RESEARCH ARTICLE


Effect of Sample Processing Delays on the Values of Serum Based Biomarkers of Brain Injury Collected from the Umbilical Cord Blood of Neonates



Michael D. Weiss1, *, Nikolay A. Bliznyuk2, Candace C. Rossignol1, Livia Sura1, Melissa Huene1, Nicole Copenhaver1, Olena Glushakova3, Ronald L. Hayes4
1 Department of Pediatrics, Division of Neonatology, University of Florida, Gainesville, Florida, United States of America
2 Department of Agricultural and Biological Engineering, University of Florida, Gainesville, Florida, United States of America
3 Department of Neurosurgery, Virgina Commonwealth University, Richmond, Virginia, United States of America
4 Department of Clinical and Health Psychology, University of Florida, Gainesville, Florida, United States of America


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© 2019 Weiss et al.

open-access license: This is an open access article distributed under the terms of the Creative Commons Attribution 4.0 International Public License (CC-BY 4.0), a copy of which is available at: (https://creativecommons.org/licenses/by/4.0/legalcode). This license permits unrestricted use, distribution, and reproduction in any medium, provided the original author and source are credited.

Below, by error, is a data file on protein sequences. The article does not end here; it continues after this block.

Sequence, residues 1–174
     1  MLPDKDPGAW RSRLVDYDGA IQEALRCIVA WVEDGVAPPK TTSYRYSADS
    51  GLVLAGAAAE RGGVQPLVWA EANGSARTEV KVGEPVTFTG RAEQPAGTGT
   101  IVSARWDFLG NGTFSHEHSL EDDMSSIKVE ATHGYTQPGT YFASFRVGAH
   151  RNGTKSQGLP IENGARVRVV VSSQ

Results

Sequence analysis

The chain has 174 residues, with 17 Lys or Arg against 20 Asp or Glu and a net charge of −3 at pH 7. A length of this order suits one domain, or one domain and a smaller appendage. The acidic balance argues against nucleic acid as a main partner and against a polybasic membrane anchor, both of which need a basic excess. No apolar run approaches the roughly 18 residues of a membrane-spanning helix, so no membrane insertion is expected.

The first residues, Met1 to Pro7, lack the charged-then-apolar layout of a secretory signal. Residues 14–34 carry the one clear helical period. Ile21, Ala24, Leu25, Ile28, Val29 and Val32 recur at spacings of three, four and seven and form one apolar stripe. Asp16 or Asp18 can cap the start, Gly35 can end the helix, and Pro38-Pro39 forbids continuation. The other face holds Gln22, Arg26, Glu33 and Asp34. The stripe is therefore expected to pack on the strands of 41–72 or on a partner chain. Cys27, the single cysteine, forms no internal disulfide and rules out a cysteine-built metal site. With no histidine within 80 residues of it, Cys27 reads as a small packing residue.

* Address correspondence to this author at the Department of Pediatrics, Division of Neonatology, University of Florida, Gainesville, Florida, United States of America; Tel: 352-273-8985, Fax: 352-273-9054, E-mail: mweiss@ufl.edu


Abstract

Background:

When a neonate is born with suspected brain injury, blood samples are often obtained from the umbilical cord blood but are not always processed immediately.

Objective:

Test the accuracy of brain injury biomarker assays on samples that experienced delayed processing.

Methods:

Healthy neonates who did not have risk factors for brain injury provided cord blood samples. Group 1 blood samples were centrifuged immediately, and the serum was removed and frozen at baseline, 4, and 8 hours. Group 2 had a baseline sample processed immediately and then blood samples remained in contact with the clotted portion until 4, and 8 hours and then were centrifuged. Enzyme-linked immunosorbent assays determined the concentrations of Ubiquitin C-Terminal Hydrolase L1 (UCH-L1) and Glial Fibrillary Acidic Protein (GFAP).

Results:

Group 1’s average concentrations of GFAP were 62±47 pg/ml at 0 hours (n=32) with a mean increase of 3±14% and a decrease of 0.2±9% at 4 and 8 hours, respectively. UCH-L1 average concentrations were 3306±3093 pg/ml at 0 hours (n=37) with a mean increase of 3±10% at 4 hours and a mean decrease of 0.6±11% at 8 hours. Group 2’s average GFAP concentrations were 104±111 pg/ml at 0 hours (n=9) with a mean decrease of 5±9% and 7±7% at 4 and 8 hours, respectively. UCH-L1 average concentrations were 3448±2456 pg/ml at 0 hour (n=8) with a mean increase of 9±6% and 6±18% at 4 and 8 hours, respectively.

Conclusion:

Delays in processing up to 8 hours did not significantly affect the concentration of UCH-L1 or GFAP.

Keywords: Hypoxic-ischemic Encephalopathy, Biomarkers, Neonates, GFAP, UCH-L1, Brain injury.